Mitsubishi put a lot of research and effort into Pikes Peak 2013. The car maker not only sponsored the event, but redesigned the MiEV Evolution II from the grounds up and teamed them with international race drivers.
In this second part of the interviews I conducted with the Mitsubishi MiEV Evolution II team, I spoke with Team Engineer manager Mr. Tanaka. Mr. Tanaka explains how the MiEV Evolution II was redesigned. Here is the recap.
Mr Tanaka, Technical Engineer Mitsubishi
NZ – What are the challenges to racing an electric prototype up Pikes Peak?
MT – Obviously, racing a short race, only 20 kilometer is the best proving ground for us and our electric drivetrain technology. We don’t need to carry too much battery and of course, altitude is not a problem.
NZ – As the team technical Engineer, what do you look for with the competition.
MT – We look at their run times and shave off milliseconds here and there.
NZ – How long it would take before the MiEV Evolution beats Sebastian Loeb’s Peugeot 208 T16 time?
MT – Hopefully this year, but it might take a little longer.
NZ – How did you completely redesign the MiEV Evolution?
MT – Last year was our first experience, so we gathered data. This year, we are targeting the win and developed accordingly with a lower center of gravity and half the height with batteries. Electronics, such as yaw plays a huge part. The front is torque operated, while the back is done through the brakes.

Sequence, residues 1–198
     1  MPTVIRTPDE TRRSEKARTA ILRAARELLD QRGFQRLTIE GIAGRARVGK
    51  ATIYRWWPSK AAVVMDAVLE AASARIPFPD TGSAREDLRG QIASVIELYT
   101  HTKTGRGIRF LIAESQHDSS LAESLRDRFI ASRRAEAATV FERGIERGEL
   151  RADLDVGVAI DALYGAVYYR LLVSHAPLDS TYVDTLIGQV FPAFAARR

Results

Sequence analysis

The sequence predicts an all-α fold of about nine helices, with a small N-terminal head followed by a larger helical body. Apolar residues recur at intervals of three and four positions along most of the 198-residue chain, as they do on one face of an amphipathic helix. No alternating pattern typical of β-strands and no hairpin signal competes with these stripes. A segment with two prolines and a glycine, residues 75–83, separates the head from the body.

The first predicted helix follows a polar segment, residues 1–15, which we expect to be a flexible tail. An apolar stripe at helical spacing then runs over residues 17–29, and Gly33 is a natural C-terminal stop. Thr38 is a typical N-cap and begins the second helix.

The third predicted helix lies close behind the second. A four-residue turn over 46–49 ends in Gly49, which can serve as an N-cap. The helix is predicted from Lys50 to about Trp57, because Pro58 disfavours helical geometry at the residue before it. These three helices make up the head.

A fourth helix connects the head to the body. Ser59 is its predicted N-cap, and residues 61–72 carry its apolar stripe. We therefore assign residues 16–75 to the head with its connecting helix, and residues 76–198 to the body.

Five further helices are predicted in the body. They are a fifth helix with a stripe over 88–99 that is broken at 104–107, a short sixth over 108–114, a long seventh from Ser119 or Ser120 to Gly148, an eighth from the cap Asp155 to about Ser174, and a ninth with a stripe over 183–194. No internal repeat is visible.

NZ – You chose Dunlop for tires?
MT – They are our commercial MiEV suppliers, which explains why last year we raced on their commercial tires. This year’s regulations against slicks explains why we chose a more suitable Dunlop race tire with carved grooves. We were surprised how the original tires reacted to a low center of gravity and high electric motor torque. These tires can now handle that sort of performance. See the video below on how you carve race tires on the go.
NZ – What needs to happen with EV racing?
MT – Weight and batteries need to develop faster. For racing, the everyday common EV battery is more interesting, since it trickles down to production.
NZ – Any chance to see a MiEV Evolution?
MT – I don‘t know but that would be nice.
NZ – As far as the future of EV racing, wireless or battery change?
MT – Battery changes makes more sense, especially with endurance race.
I’m looking forward to seeing how well Mitsubishi does next year at Pikes Peak 2014. The improved Mitsubishi MiEV Evolution should prove a worthy contender in a sea of growing electric vehicle prototypes.
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